Clamp down on unpaid parking fines in 2005
Parking wardens keen to clamp down on unpaid parking fines in 2005
New Zealand parking wardens want to help government officials clamp down on unpaid parking fine in 2005. The New Zealand Parking Association (NZPA) is working with the Ministry of Justice on initiatives to help recover many millions of dollars in outstanding fines, a significant portion of which relates to parking fines.
NZPA chairman Colin Waite said the vast majority of people pay their parking fines and it was unfair for people who deliberately avoided paying to get away with doing so.
``To assist with recovering fines, we are also providing car registration details to the ministry and helping to locate offenders’ vehicles.
``In turn the ministry may consider clamping or seizing these vehicles as a means of encouraging their owners’ to pay their fines.’’
Christchurch City Council parking wardens received high praise from schools during the year for their role as enforcers of the `Chaos at the School Gate’ pilots.
The pilot projects were set up at schools to encourage “perfect parkers” outside the school gates. The pilots were run by the city council in partnership with schools to encourage parents to park correctly, rather than illegally, causing traffic chaos and putting other children at risk. A new road user rule comes into effect on February 27 which will affect all motorists.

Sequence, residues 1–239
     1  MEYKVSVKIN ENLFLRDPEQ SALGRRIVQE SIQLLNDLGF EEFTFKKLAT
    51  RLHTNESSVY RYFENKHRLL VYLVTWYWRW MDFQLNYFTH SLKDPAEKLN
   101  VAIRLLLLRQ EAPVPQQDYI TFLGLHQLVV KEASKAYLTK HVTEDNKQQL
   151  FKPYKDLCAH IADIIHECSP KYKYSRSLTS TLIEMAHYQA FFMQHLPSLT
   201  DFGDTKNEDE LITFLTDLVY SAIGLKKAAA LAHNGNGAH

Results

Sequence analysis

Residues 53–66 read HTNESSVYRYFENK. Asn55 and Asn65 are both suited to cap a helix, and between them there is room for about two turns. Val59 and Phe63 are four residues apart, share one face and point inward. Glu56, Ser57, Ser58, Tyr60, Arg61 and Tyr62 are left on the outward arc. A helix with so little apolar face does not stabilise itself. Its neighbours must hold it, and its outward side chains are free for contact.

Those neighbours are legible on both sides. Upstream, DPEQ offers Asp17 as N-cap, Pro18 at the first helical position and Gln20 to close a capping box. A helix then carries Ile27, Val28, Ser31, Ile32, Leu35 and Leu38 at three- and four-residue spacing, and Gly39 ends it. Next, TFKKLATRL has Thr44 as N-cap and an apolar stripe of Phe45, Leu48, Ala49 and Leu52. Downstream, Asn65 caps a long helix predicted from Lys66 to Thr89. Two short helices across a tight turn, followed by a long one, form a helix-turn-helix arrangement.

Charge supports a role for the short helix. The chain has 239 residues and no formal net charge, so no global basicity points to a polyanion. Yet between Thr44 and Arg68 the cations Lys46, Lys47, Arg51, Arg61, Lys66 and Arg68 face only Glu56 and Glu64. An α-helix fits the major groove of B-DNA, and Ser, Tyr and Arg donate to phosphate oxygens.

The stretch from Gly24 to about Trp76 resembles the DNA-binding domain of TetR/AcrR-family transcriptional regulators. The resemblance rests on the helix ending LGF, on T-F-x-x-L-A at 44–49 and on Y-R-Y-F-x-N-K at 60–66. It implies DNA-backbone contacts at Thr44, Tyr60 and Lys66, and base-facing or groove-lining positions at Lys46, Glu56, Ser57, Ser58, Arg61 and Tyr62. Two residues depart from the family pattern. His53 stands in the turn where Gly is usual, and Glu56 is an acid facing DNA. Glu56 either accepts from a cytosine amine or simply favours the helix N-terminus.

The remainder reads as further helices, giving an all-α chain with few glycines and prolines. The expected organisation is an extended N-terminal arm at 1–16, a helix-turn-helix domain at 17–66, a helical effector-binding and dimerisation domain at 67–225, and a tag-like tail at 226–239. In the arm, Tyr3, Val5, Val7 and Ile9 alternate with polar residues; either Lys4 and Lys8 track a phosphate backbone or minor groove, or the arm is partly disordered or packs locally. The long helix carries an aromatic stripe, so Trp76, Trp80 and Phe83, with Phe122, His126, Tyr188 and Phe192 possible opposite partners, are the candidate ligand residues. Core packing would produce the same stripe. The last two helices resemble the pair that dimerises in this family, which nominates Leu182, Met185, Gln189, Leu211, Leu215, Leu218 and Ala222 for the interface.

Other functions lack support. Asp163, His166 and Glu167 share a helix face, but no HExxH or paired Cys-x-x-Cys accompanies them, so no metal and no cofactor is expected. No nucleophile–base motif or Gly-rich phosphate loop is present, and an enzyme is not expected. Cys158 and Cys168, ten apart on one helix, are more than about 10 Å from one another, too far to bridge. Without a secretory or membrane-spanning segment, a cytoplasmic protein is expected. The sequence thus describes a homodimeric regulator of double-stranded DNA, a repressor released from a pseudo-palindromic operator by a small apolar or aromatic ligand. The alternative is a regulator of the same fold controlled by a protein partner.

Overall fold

Waite said the new rule will help improve road safety especially relating to pedestrians and cyclists.
From the point of view of parking the main change is that time restricted parking areas identified by blue parking signs will operate seven days a week.
This will improve public access to prime parking spots that at present are more often than not taken by workers on weekends.
Car-parking rates as one of the great curses of the 21st century. Waite said the problem was not confined to big cities and it regularly rears its head in smaller towns, with local councils debating over inconsiderate drivers parking illegally for hours in restricted areas.
Many larger city councils are actively pursuing initiatives to reduce car use, and thus traffic and parking congestion.
To this end they are promoting increased use of public transport and have established more clearways and bus lanes as one of the means of encouraging greater use of public transport Clearways operate only at peak traffic times and are designed to free up a portion of roads to allow bus traffic to flow freely and stick to timetables.
Parking in clearways at peak times causes traffic congestion, inconveniences bus passengers, and can also cause and safety problems.
``Unfortunately some people still park on clearways, causing delays and frustration to bus passengers. To deter people from parking in these areas some councils have begun towing away illegally parked vehicles from clearways.’’
Parking wardens would do their best in 2005 to be fair to the general public.
``We just want to help people seeking parking spots and hope that fewer people will continue to park illegally. We hope those that do will pay their fines this coming year,’’ Waite said
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